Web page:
Death Car Derby
We were cruising down to work on the Garden State Parkway this morning in our 2009 Toyota Corolla when a disturbing bulletin was broadcast over the car radio.
The announcer informed us that Toyota has halted U.S. production and sales of eight of its most popular models, including Camry and Corolla. The world’s largest carmaker is trying to determine why the gas pedals on its cars keep getting stuck in the acceleration mode, causing the cars to speed up on their own.
Two months ago, Toyota recalled millions of its 2009 and 2010 vehicles. At that time, the Japanese auto giant said it thought the problem was due to bulky floor mats accidentally trapping the gas pedals. Unfortunately for Toyota, while they were busy redesigning their killer floor mats four people riding in a Toyota Avalon near Dallas died on Dec. 26 when the car suddenly accelerated and they couldn’t stop it. Having heard the original warning from Toyota, the driver had placed the floor mats in the trunk of the car before getting behind the wheel.
This scary news was bad enough, but it got worse when the radio announcer said Toyota is telling motorists not to bring their cars back to their friendly Toyota dealership until the carmaker can figure out what is causing the problem. However, Toyota wants to assure its customers that the problem is “rare.” Sort of like holding the winning ticket in the Mega-Death Lottery.
So if your trusty Corolla suddenly decides to switch to warp drive, stand on the brake pedal and recite the 23rd Psalm. Thank you very much, Mr. Toyota.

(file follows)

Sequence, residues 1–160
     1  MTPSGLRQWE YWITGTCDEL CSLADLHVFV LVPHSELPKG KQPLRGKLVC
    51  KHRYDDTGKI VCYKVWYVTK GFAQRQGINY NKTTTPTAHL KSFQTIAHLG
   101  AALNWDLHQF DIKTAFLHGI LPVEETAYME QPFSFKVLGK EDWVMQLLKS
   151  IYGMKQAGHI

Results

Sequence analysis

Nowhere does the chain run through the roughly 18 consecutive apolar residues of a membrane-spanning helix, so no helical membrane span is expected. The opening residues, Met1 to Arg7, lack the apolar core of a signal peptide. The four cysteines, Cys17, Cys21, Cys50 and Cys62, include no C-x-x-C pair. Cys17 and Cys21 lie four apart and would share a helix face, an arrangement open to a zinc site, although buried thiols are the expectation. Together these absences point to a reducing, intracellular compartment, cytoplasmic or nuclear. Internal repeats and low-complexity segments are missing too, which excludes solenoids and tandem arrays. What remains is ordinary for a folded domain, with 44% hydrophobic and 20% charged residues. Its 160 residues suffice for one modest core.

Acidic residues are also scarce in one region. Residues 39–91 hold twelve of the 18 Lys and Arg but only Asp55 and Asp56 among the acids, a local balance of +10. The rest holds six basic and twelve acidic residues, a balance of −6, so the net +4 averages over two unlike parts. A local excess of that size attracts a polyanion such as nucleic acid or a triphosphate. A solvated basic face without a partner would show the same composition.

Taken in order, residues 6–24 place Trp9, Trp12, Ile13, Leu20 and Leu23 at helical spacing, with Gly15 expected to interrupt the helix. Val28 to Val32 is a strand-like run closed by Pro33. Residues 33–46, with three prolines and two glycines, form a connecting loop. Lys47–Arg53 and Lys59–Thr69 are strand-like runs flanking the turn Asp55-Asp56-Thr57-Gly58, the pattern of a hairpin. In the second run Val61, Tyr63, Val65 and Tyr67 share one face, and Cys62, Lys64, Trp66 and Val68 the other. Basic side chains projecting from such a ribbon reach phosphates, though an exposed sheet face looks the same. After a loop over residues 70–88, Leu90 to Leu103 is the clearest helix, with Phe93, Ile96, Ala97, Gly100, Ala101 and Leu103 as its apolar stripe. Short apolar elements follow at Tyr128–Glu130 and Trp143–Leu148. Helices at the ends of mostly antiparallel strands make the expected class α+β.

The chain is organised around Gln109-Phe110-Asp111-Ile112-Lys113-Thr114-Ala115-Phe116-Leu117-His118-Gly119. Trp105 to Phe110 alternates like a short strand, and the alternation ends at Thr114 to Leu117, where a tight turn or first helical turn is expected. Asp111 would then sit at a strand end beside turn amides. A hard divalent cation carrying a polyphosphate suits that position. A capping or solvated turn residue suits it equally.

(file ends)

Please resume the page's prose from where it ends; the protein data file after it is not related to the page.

Our mind immediately flashed back to Audi’s famous “Death Car” debacle. About 25 years ago, the German luxury sports car inexplicably started speeding up and crashing. Audi didn’t blame the floor mats — they blamed the drivers. The carmaker insisted for months that Audi drivers must have been hitting the gas pedal when they thought they were stepping on the brake. Numerous crashes later, it became apparent that human error was not the cause of the problem. The machines were killing people. We don’t remember if Audi every figured out what caused the problem, but we do recall that we didn’t see too many Audis on the road for the next 10 years.
We started to envision several scenarios for putting our potentially homicidal Corolla to work for us:
– Skip work. Drive to Florida. Call the boss and tell him the car wouldn’t stop until we arrived at Fort Lauderdale, just in time for Spring Break.
– Drive the car into a brick wall. Total the thing. Call the insurance company and tell them the car wouldn’t stop. Get a new car from the insurance company. Not a Toyota.
– Break the land-speed record on the Garden State Parkway. When finally tracked down by New Jersey State Troopers, smile and point to the Toyota emblem on the steering wheel.
As we pulled into the toll plaza, we envisioned cash-strapped New Jersey installing on the Parkway those big hooks they use on aircraft carriers to snare F-16s coming in for a landing. The hooks will grab out-of-control Camrys and Corollas so the drivers can cough up their dollar bills.
For a moment, we also thought about Tiger Woods. If only he had been driving a Rav-4 when he plowed into that fire hydrant in front of his house on Thanksgiving. “My pedal got stuck in acceleration mode and I couldn’t stop,” he could have told the world, sparing us weeks of lascivious reports about unsavory trysts and his spouse teeing off on his noggin with a five iron.
Then again, getting stuck in acceleration mode and not stopping is probably too close to what actually ails Tiger.
Finally, we did the only thing we could do. We kept driving. But we had this uneasy feeling that our relationship with our friendly Corolla had been permanently altered. The smiling Toyota logo on the steering wheel started looking like Anthony Perkins in Alfred Hitchcock’s Psycho. Deep down, we knew it was just a matter of time before the car snapped and turned on us.
At this point, we don’t know if Toyota’s gas pedal fiasco will erase its no. 1 automaker status faster than Kentucky’s stint atop the NCAA basketball polls. But, since the honor of Japan is at stake, we assume the solution will involve profuse apologies.